In Economical and ICBC (http://schultzfrost.com/docs/cases/78/caseDocument.pdf), Arbitrator Sampliner found that a full time university student who earned less than $1,500 in the three years before the accident (while living with her parents between school semesters) was principally dependant upon her parents for finances.
While the claimant had a significant line of credit and utillized OSAP loans for the funding of her law degree, these funds were not considered assets as part of her financial means. They were in fact debts to be repaid, and neutral in the dependency analysis to the extent that those funds were used to pay school expenses and not her cost of living.
The catastrophically impaired claimant lacked capacity to submit to an EUO and could not remember her banking details. The evidence regarding her income and expenses was provided in a limited capacity by her parents and the records that her counsel was able to locate. The Arbitrator accepted the "LICO methodology" to establish the claimant's cost of living was at least the generally recognized low income cut-off as measured by Statistics Canada. With income of between $1 and $1,500 per year, the actual expenses mattered little once the student loans and line of credit were excluded from the analysis.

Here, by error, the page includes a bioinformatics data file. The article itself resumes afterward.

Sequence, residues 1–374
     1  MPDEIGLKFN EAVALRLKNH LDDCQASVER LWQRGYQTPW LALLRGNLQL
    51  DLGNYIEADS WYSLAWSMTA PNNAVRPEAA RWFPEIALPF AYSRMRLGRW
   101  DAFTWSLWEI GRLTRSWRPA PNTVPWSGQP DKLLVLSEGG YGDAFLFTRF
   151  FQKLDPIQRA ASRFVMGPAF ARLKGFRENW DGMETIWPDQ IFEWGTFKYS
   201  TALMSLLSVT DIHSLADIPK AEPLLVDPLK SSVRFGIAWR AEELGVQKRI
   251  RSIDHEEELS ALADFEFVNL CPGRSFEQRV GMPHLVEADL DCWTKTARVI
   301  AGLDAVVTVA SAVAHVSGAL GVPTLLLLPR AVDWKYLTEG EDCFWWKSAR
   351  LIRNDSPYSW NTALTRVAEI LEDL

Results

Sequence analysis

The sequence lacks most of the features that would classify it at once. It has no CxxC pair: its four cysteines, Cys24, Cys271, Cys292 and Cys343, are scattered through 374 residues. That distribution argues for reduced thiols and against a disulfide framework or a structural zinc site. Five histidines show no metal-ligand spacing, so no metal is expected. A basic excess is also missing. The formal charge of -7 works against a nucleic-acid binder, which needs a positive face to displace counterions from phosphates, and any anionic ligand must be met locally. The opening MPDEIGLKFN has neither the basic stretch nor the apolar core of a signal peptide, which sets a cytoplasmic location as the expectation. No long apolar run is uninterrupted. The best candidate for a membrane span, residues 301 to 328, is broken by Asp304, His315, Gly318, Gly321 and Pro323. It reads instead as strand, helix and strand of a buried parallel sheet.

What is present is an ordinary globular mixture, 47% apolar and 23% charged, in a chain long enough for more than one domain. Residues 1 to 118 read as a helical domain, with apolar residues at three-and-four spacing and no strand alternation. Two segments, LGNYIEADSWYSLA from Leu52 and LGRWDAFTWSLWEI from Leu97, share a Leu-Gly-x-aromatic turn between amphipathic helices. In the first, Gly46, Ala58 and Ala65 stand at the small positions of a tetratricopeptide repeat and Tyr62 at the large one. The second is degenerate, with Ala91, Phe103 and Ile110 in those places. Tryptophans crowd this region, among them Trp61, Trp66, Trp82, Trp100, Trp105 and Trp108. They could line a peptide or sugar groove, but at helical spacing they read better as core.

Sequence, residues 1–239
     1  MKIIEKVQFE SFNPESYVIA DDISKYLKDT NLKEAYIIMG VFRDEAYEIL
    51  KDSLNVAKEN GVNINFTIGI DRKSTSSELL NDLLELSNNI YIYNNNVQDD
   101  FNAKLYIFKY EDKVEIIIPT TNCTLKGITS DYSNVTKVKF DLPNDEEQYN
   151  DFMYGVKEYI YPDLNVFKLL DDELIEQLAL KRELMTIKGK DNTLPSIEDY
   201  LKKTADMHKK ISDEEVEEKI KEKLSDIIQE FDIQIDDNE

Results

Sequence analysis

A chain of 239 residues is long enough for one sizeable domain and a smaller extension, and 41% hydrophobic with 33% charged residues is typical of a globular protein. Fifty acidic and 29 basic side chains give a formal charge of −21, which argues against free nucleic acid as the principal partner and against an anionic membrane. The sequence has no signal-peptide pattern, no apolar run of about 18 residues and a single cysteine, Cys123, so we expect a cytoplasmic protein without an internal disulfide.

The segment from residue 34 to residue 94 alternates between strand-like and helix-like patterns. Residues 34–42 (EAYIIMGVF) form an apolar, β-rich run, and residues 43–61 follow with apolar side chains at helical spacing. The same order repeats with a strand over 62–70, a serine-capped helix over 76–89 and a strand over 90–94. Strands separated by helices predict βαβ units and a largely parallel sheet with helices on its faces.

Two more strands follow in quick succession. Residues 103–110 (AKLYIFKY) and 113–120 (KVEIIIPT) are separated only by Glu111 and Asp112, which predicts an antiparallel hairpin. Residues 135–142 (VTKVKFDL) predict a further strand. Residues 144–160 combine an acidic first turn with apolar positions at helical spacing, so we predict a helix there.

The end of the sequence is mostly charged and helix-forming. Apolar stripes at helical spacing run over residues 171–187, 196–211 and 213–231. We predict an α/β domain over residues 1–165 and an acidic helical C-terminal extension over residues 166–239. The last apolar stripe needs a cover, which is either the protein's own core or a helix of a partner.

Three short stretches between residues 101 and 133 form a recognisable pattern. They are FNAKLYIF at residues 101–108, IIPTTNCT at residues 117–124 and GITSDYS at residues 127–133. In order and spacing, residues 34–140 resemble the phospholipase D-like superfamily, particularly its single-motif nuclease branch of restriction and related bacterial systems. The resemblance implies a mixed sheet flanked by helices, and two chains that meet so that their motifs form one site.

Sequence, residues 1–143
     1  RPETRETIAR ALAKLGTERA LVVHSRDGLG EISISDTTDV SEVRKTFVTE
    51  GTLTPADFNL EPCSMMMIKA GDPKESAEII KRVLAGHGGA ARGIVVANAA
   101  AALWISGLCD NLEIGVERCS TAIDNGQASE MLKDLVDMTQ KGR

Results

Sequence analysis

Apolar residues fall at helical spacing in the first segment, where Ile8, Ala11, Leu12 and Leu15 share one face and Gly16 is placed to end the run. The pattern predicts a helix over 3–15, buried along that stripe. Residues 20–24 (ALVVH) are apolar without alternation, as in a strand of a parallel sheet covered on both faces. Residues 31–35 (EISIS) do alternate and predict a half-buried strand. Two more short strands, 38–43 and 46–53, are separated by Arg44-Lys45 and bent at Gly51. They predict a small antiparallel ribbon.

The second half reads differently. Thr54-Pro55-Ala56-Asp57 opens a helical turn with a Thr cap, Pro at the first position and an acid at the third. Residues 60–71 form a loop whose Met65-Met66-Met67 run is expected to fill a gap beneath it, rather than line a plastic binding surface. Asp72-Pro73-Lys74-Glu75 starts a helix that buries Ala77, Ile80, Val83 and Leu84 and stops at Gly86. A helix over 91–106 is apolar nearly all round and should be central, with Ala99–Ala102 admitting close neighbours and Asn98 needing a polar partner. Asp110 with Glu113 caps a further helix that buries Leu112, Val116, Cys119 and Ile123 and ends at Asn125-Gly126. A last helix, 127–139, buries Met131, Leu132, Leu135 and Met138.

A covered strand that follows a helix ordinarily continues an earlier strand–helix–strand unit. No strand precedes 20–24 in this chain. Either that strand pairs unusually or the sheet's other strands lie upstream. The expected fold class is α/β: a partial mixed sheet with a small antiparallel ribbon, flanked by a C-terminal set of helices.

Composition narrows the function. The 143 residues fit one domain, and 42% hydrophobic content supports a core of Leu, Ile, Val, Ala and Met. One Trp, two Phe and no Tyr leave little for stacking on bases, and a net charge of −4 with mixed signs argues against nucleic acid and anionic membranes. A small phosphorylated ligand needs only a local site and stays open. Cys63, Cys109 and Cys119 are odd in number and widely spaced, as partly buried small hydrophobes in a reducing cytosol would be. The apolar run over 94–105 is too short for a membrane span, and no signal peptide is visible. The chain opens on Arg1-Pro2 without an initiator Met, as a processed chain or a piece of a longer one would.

This case continues to grow the body of caselaw suggesting that absent unusual circumstances (significant income or other independent financial means) most full time students are considered dependent upon their parent(s) for priority purposes.